Wisconsin Bankers Attempt to Thwart MBL Cap Increase, League Says
The Wisconsin Credit Union League is once again calling out bankers, this time on their claims that credit unions are not doing enough to serve the underserved.
The Wisconsin Bankers Association wrote in a release, "Tax-exempt credit unions should expand their outreach to underserved populations rather than asking Congress for additional advantages over their taxpaying competitors."
Brett Thompson, president/CEO of the Wisconsin league, reacted strongly to the release. "What an irony that banks suggest credit unions do more to serve the financially underserved. Isn't that just what credit unions are trying to do in making more business loans available to the small businesses that can't get loans from banks?"
Thompson said CU business loans average around $174,772 to households with incomes below $50,000. According to the league, Wisconsin banks' business lending dropped by 19% from March 2009 to March of this year. Credit unions in the state increased their lending by 11% but many have maxed out what they can lend because their member business lending is capped at 12.25% of total assets. Legislation is pending on raising the cap to 27.5%.
"It might be funny if the future of many small businesses were not at stake, but we're talking about thousands of jobs that could disappear and otherwise sound enterprises that are being jeopardized because banks can't or won't lend to these small businesses," Thompson said.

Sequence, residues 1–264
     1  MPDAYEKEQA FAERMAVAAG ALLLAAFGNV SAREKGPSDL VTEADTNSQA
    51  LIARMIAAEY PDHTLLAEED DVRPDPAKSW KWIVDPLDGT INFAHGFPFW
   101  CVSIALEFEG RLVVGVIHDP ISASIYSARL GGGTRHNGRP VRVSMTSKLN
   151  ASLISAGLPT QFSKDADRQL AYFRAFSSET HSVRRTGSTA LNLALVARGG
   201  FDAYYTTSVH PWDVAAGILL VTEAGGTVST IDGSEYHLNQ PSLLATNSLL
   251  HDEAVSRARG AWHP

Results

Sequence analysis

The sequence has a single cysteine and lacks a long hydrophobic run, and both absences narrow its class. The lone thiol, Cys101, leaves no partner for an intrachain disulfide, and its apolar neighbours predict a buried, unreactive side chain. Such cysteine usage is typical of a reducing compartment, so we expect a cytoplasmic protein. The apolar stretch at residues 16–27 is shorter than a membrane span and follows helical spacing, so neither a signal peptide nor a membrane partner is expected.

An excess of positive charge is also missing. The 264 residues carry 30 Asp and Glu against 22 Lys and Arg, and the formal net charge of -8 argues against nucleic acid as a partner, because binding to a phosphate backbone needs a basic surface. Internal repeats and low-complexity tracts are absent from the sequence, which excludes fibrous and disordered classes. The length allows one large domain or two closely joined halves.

In the past, the WBA has supported its claims by citing studies from the Government Accountability Office and the National Community Reinvestment Coalition. According to the banking association, the studies "have documented that taxpaying banks do a far better job of reaching underserved consumers than credit unions, despite the credit union subsidy that costs Wisconsin taxpayers at least $40 million and at least $2 billion nationally."
"WBA quotes the same flawed, disavowed studies about credit unions, once gain misstates the mission of credit unions and claims that credit unions' member-favored pricing for financial services somehow constitutes a subsidy," he said.
Thompson questioned how banks can claim to do more than credit unions for the underserved "when it's been the banks that have virtually shut off the credit spigot for small businesses, creating a void for loans that credit unions can't completely fill under current law."
Given the state and federal budget imbalances, WBA President/CEO Kurt Bauer said it doesn't make sense to give a tax-exempt industry more advantages at the expense of taxpaying ones.
"If you surveyed taxpayers on the fact that credit unions score below banks in serving lower income consumers and that even the largest don't pay a dime of state or federal corporate income tax, I wonder how high the percentage demanding change would be," Bauer said.